...tell ‘em to talk to my friend Harry Rhodes. He’s proof that “healthy, local, and organic” isn’t just for foodies and the so-called well-heeled.
For seven years, his Chicago-based non-profit, Growing Home, has provided jobs and training for the homeless, the previously incarcerated, and people with low incomes. At Growing Home’s four farm sites, participants learn organic farming and produce marketing. They also acquire general job skills. Over 70% of them end up getting work.
As Harry explains:
“We now have our first year-round urban farm that we own, the Wood Street Urban Farm— leading to a huge increase in interest in our work. When you can show a model of what an urban farm is and what can be replicated, people pay attention. Every week we give tours, with people coming from the Chicago area, from all over the country, and many coming from other countries.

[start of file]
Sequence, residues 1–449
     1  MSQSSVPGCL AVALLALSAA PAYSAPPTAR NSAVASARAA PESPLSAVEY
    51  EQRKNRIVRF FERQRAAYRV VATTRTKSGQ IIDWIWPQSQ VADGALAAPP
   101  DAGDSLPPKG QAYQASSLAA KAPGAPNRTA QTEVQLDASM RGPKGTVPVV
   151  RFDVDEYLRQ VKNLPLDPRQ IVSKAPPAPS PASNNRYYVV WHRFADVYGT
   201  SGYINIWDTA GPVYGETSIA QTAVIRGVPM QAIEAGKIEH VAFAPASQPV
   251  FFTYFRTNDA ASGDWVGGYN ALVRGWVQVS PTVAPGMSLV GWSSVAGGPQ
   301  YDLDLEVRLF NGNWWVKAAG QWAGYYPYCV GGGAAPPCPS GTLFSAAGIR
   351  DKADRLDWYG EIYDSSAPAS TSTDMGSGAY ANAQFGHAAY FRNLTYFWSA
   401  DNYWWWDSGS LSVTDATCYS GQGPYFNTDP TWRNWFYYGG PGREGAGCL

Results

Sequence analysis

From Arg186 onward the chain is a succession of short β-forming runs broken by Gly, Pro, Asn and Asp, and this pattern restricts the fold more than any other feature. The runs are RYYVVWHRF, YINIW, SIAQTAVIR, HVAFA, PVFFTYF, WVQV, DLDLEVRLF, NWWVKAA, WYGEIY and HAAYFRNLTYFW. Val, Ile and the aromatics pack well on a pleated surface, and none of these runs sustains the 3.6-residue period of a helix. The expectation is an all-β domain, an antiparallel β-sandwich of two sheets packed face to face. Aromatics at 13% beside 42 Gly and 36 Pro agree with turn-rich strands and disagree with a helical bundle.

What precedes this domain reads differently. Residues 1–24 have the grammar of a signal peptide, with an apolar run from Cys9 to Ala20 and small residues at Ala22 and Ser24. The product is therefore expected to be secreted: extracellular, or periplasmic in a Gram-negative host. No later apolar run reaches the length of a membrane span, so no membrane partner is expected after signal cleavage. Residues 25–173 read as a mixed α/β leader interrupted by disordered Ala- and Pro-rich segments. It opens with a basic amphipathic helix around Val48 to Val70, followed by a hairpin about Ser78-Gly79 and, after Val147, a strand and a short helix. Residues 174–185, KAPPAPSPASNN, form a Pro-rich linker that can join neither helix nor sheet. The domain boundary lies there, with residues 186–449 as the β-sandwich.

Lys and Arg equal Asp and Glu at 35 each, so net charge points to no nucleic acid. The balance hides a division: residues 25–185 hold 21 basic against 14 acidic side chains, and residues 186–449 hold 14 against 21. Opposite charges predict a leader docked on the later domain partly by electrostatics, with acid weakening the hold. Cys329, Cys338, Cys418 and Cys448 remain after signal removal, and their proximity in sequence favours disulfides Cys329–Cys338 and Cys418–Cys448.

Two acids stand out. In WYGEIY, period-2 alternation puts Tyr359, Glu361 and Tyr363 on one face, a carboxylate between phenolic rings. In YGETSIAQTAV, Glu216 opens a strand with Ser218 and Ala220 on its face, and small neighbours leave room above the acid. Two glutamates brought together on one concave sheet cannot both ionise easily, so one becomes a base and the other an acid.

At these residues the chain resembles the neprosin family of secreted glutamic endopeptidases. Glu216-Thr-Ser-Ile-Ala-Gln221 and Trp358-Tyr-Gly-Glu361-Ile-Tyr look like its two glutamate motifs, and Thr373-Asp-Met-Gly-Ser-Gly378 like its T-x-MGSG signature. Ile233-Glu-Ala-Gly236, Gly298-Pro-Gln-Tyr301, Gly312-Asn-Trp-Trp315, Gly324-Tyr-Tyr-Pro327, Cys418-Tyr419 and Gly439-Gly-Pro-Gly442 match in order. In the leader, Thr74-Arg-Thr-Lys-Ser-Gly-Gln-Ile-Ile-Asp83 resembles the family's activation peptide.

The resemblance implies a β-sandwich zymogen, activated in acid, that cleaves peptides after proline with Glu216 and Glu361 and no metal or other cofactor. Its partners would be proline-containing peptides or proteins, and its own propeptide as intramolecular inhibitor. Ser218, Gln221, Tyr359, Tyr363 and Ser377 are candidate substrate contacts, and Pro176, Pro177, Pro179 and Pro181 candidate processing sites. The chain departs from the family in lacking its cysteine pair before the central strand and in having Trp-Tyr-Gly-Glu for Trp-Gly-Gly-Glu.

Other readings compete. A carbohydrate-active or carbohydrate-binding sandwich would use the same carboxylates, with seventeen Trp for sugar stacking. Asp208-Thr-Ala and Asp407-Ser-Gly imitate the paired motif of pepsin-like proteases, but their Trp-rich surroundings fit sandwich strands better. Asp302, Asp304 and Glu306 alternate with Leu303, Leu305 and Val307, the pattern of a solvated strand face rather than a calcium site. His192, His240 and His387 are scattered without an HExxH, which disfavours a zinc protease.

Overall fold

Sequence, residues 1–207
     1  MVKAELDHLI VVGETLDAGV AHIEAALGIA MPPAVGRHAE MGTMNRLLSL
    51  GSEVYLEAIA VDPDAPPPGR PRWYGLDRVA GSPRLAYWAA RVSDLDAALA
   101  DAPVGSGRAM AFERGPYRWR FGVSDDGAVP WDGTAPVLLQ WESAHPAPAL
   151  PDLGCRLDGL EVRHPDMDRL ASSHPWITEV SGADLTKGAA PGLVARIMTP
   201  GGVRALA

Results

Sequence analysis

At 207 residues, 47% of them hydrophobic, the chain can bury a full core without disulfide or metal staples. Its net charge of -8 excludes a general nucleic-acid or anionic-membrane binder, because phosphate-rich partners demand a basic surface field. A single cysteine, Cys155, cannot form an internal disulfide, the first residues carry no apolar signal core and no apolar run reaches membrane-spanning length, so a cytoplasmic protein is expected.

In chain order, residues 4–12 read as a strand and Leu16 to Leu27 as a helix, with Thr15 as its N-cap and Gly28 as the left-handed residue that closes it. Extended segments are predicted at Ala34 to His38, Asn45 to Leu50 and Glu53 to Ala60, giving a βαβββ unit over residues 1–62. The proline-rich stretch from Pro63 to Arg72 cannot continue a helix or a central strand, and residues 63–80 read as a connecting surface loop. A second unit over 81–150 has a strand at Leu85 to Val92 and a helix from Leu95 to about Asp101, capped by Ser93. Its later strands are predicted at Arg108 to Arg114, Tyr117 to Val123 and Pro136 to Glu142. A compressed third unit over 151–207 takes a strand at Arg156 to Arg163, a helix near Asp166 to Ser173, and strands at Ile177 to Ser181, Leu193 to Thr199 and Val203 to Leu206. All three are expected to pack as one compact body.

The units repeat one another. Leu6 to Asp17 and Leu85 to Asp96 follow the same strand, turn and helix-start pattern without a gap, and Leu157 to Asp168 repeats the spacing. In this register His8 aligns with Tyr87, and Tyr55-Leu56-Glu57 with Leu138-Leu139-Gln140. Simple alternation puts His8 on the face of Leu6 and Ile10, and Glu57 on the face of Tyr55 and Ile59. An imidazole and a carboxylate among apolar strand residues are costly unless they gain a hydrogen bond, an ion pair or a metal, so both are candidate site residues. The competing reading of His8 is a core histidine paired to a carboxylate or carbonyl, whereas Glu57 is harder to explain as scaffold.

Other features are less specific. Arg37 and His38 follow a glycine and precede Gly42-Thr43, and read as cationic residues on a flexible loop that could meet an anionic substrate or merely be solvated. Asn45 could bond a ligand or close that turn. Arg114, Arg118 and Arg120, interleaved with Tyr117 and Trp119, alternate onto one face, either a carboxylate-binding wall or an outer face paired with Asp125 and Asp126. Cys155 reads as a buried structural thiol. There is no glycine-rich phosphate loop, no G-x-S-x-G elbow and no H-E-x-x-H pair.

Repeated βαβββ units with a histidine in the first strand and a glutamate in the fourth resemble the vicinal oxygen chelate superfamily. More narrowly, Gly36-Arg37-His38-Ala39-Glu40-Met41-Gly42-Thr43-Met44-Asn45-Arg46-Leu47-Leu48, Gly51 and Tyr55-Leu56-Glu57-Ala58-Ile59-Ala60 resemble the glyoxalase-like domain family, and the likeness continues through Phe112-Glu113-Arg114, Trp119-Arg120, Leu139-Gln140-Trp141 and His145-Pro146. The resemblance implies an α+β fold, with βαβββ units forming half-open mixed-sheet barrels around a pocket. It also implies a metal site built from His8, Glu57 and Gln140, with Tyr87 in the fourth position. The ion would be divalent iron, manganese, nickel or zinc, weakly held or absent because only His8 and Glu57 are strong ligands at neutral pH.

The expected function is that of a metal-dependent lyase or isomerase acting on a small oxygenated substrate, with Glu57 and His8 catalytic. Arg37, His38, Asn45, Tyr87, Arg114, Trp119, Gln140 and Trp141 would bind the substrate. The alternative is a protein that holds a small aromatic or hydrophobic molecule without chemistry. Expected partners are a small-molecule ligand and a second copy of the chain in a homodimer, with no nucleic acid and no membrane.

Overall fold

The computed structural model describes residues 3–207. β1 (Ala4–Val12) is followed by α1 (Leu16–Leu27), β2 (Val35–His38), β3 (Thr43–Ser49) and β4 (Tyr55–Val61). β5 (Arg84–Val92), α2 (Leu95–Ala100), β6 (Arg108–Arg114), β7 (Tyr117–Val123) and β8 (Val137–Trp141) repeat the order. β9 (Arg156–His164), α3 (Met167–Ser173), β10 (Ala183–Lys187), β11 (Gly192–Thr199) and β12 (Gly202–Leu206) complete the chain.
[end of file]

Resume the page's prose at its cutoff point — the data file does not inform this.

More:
“We have increased the number of people we train annually to about 30. This is just a drop in the bucket. Our mission has expanded from job training and organic agriculture to community and economic development.
“We are showing how urban farming can be used as the catalyst for turning around low-income neighborhoods, such as Englewood on the south side of Chicago.”
US incarceration rates have hit a worldwide, all-time high — 762 jailed persons per 100,000 residents, compared to Canada’s 108, or France’s 91, and almost two-thirds of them seemingly destined for re-arrest. Isn’t Growing Home showing us a pathway out of this labyrinth of stagnation and insanity?
Suddenly, organic food looks less like a yuppie luxury and more like it could and should be a staple for our sanity and security.
I can’t wait to visit the Growing Home team next time I’m in Chicago, and I’m especially eager to hear about the others they are sure to inspire. As Harry says, “just think what 10 or 100 organizations like Growing Home could do.”
Originally published by Huffington Post on 9/19/08